International Women’s Day
If you’ve done anything on Google within the past several hours, you’ll have noticed today’s doodle for this holiday that ranges from a general celebration of respect, appreciation and love towards women to a celebration for women’s economic, political and social achievements.
We’re big fans of equality in all its forms so International Women’s Day is right up our alley, especially when you think about all the great female designer’s that have contributed to the furniture, interior design and architectural industries. Here’s just a few…
“Ray Kaiser Eames was born in Sacramento, California in the middle of the century’s second decade. She studied painting with Hans Hofmann in New York before moving on to Cranbrook Academy where she met and assisted Charles and Eero Saarinen in preparing designs for the Museum of Modern Art’s “Organic Furniture Competition.” Charles and Eero’s designs, created by molding plywood into complex curves, won them the two first prizes.
The Eameses continued to create new furniture designs into the 1970s.
Examples include the molded plastic or fiberglass chairs from the early 1950s and the famous Lounge Chair and Ottoman from 1956. Sturdy, comfortable and elegant office furniture was created in the 1960s, as well as seating designed for Dulles and O’Hare Airports. This Tandem Sling Seating is still in use in airports around the world today.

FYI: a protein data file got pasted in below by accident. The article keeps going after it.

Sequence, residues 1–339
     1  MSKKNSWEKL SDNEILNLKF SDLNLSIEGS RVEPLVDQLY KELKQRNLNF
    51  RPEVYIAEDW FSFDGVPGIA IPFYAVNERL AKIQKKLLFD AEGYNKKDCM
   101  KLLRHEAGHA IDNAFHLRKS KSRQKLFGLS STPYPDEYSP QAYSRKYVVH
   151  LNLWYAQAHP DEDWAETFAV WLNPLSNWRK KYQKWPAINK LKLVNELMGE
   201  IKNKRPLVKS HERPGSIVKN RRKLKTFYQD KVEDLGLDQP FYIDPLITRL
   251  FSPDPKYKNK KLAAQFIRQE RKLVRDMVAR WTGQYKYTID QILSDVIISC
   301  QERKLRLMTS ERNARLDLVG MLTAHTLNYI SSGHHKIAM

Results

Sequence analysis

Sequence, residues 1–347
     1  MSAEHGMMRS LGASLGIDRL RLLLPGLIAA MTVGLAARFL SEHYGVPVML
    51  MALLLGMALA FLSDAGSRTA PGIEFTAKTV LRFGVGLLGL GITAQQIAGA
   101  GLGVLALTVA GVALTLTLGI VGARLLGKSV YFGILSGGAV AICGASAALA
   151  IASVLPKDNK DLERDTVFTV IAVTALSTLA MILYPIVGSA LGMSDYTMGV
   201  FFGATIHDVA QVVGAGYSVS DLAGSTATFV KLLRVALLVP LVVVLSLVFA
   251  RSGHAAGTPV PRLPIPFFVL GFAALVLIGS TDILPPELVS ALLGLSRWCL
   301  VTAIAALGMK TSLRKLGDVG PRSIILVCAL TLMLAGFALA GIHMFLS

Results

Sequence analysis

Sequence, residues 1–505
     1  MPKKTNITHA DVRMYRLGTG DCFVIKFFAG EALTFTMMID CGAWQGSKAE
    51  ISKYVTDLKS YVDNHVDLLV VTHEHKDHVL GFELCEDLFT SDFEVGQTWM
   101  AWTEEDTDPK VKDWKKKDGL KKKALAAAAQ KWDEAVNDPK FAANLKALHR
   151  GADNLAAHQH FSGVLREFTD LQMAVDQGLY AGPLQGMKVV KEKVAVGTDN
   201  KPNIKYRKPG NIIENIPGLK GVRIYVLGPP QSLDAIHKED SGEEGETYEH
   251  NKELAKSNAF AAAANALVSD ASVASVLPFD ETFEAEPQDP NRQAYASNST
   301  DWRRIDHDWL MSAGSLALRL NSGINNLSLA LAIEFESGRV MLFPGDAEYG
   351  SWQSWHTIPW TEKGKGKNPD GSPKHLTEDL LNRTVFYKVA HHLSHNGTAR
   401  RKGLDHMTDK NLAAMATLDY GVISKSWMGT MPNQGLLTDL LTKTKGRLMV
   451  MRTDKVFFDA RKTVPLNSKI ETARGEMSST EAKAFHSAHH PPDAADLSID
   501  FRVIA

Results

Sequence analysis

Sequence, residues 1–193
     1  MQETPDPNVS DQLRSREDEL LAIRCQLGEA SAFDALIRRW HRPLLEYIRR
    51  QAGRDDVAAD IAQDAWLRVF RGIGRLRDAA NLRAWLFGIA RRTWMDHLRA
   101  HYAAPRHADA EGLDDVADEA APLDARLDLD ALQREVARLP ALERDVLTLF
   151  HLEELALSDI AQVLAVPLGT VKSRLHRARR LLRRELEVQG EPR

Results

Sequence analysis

Charles died August 21, 1978. Ray died ten years later to the day. The Eames Office still operates today, run by Charles’ daughter, designer Lucia Eames, and her five children, releasing their designs in furniture, film, video and other media as well as creating new products.” (via Eames Office)
“While a student at the Kingswood School on the campus of the Cranbrook Academy of Art in Bloomfield Hills, Michigan, Florence Knoll Bassett (née Schust) became a protegée of Eero Saarinen. She studied architecture at Cranbrook, the Architectural Association in London and the Armour Institute (Illinois Institute of Technology in Chicago). She worked briefly for Walter Gropius, Marcel Breuer and Wallace K. Harrison. In 1946, she became a full business and design partner and married Hans Knoll, after which they formed Knoll Associates. She was at once a champion of world-class architects and designers and an exceptional architect in her own right. As a pioneer of the Knoll Planning Unit, she revolutionized interior space planning. Her belief in “total design” – embracing architecture, manufacturing, interior design, textiles, graphics, advertising and presentation – and her application of design principles in solving space problems were radical departures from the standard practice in the 1950s, but were quickly adopted and remain widely used today. For her extraordinary contributions to architecture and design, Florence Knoll was accorded the National Endowment for the Arts’ prestigious 2002 National Medal of Arts.” (via Knoll)